You may not think you need to have the interior lights on if you are reading from a well-lit screen but reading in a darkened room can cause eye strain. “Reading from digital devices in a dark room can cause discomfort, leading to lower concentration and disorientation because your eyes are constantly adjusting between the brightness of a screen and your dimly lit surroundings.”

If you need more light for your reading, Sculpta Designer Lighting Company offers a number of decorating lighting solutions, ranging from contemporary chandeliers and bath lighting to contemporary lighting in the form of standing lamps.

Sculpta Designer Lighting, your source for exceptional contemporary lighting, is based in Miami, Florida. Here in the Sunshine State, we are used to welcoming tourists from all around the world. But tourists aren’t the only ones who enjoy our beaches. Every year sea turtles come to our shores to lay their eggs. 

Sea turtle nesting season is just around the corner. It begins on March 1 and will last run through the end of October. Whether you have designer exterior lighting or interior lighting that shines on the beach, during nesting season, homeowners and businesses all along the Florida coast need to take steps to keep the lights down low.  

Lighting the Way for Sea Turtles

Not all sea turtles are the same. You can find seven different species living in the world’s oceans. Florida is an important nesting ground for five of those species – all of which are threatened or endangered.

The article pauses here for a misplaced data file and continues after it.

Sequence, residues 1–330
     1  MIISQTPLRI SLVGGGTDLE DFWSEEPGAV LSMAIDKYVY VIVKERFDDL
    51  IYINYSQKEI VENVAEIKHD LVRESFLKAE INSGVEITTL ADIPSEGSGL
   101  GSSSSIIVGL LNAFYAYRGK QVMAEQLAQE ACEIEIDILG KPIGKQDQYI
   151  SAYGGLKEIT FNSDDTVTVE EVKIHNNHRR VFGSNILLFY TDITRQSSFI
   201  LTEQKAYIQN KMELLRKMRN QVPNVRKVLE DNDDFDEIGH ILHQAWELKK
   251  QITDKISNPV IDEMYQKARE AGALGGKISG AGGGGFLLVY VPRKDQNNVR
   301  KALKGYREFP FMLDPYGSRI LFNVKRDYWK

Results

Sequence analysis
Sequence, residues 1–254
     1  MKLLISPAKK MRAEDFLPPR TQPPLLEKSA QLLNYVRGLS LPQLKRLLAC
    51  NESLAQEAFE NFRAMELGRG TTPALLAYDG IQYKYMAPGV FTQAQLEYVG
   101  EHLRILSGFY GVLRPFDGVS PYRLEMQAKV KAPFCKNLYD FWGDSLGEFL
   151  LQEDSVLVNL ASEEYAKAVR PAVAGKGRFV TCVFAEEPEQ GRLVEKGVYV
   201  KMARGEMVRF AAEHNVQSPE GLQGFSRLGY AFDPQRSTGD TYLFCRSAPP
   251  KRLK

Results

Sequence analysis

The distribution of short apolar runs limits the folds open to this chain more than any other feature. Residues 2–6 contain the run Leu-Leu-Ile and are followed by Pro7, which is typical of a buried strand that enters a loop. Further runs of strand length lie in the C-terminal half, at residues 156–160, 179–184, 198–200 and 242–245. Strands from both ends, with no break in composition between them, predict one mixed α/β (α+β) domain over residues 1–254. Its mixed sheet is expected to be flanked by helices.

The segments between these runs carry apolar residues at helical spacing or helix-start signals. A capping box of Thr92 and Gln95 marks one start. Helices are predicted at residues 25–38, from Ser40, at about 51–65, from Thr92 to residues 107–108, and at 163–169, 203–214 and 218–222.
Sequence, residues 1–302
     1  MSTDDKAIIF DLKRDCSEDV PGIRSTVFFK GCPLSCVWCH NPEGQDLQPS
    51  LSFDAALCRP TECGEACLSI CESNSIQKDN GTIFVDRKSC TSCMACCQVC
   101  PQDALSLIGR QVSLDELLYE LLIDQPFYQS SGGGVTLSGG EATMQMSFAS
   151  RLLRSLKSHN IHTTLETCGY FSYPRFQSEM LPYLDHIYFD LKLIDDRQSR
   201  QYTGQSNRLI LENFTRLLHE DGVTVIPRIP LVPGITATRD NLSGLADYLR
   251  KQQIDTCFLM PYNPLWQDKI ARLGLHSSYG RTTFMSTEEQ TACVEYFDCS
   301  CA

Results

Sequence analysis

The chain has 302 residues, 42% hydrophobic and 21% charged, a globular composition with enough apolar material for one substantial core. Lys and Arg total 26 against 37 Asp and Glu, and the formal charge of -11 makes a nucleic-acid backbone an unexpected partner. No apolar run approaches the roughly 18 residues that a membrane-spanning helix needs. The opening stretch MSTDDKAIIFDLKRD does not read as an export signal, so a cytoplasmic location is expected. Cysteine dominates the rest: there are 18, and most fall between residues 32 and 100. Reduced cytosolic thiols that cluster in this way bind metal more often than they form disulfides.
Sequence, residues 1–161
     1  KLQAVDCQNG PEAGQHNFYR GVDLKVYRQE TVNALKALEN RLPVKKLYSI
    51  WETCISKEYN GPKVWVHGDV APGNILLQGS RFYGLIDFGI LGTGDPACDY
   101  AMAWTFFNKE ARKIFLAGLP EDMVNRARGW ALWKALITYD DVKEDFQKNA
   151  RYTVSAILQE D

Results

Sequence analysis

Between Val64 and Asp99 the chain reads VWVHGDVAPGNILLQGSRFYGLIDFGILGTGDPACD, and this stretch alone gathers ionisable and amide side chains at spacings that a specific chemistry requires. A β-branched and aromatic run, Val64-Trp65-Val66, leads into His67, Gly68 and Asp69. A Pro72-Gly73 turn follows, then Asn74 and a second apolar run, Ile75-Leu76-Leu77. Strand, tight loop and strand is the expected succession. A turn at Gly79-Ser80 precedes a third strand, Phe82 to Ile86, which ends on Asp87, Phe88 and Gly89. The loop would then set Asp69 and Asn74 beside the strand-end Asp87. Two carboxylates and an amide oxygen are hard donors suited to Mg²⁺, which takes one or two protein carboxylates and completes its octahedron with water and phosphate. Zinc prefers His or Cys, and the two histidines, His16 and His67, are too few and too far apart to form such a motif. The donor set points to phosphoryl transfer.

Florida’s sea turtles include:

  • Loggerhead (Caretta caretta) The most common sea turtle in Florida, the loggerhead is named for its massive, block-like head. … threatened
  • Green Turtle (Chelonia mydas) …endangered
  • Leatherback (Dermochelys coriacea) … Critically Endangered
  • Kemp’s Ridley (Lepidochelys kempi) … Critically Endangered – the rarest sea turtle
  • Hawksbill (Eretmochelys imbricata) Critically Endangered

 

All of our sea turtles have one thing in common: the problem of light pollution from cities, towns and private homes along the coast. 

As the Sea Turtle Conservancy explains, “Nesting turtles once had no trouble finding a quiet, dark beach on which to nest, but now they must compete with tourists, businesses and coastal residents for use of sandy beaches. U.S. beaches, popular with humans and turtles alike, are now lined with seaside condominiums, houses and hotels. Lights from these developments discourage females from nesting. If a female fails to nest after multiple false crawls, she will resort to less-than-optimal nesting spots or deposit her eggs in the ocean. In either case, the survival outlook for hatchlings is slim.

“Lighting near the shore also can cause hatchlings to become disoriented and wander inland, where they often die of dehydration or predation,” the experts at the Sea Turtle Conservancy continue. “Hatchlings, scientists believe, have an innate instinct that leads them in the brightest direction, which is normally moonlight reflecting off of the ocean. Excess lighting from the nearshore buildings and streets draw hatchlings toward land, where they may be eaten, run over, or drown swimming pools.”